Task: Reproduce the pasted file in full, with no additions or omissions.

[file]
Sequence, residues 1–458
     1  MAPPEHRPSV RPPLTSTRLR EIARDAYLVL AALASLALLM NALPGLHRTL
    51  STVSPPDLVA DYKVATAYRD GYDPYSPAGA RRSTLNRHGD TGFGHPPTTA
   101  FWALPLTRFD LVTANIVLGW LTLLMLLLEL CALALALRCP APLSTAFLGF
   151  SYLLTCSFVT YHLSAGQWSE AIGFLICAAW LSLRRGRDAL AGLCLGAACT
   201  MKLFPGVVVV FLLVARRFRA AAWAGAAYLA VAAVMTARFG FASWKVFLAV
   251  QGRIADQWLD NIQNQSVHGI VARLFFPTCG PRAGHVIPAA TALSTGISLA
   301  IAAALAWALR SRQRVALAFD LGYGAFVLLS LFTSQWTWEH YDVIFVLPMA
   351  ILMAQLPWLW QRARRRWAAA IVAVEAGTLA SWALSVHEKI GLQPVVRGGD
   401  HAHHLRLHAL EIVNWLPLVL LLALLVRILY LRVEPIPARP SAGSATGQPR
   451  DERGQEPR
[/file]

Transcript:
Sequence, residues 1–458
     1  MAPPEHRPSV RPPLTSTRLR EIARDAYLVL AALASLALLM NALPGLHRTL
    51  STVSPPDLVA DYKVATAYRD GYDPYSPAGA RRSTLNRHGD TGFGHPPTTA
   101  FWALPLTRFD LVTANIVLGW LTLLMLLLEL CALALALRCP APLSTAFLGF
   151  SYLLTCSFVT YHLSAGQWSE AIGFLICAAW LSLRRGRDAL AGLCLGAACT
   201  MKLFPGVVVV FLLVARRFRA AAWAGAAYLA VAAVMTARFG FASWKVFLAV
   251  QGRIADQWLD NIQNQSVHGI VARLFFPTCG PRAGHVIPAA TALSTGISLA
   301  IAAALAWALR SRQRVALAFD LGYGAFVLLS LFTSQWTWEH YDVIFVLPMA
   351  ILMAQLPWLW QRARRRWAAA IVAVEAGTLA SWALSVHEKI GLQPVVRGGD
   401  HAHHLRLHAL EIVNWLPLVL LLALLVRILY LRVEPIPARP SAGSATGQPR
   451  DERGQEPR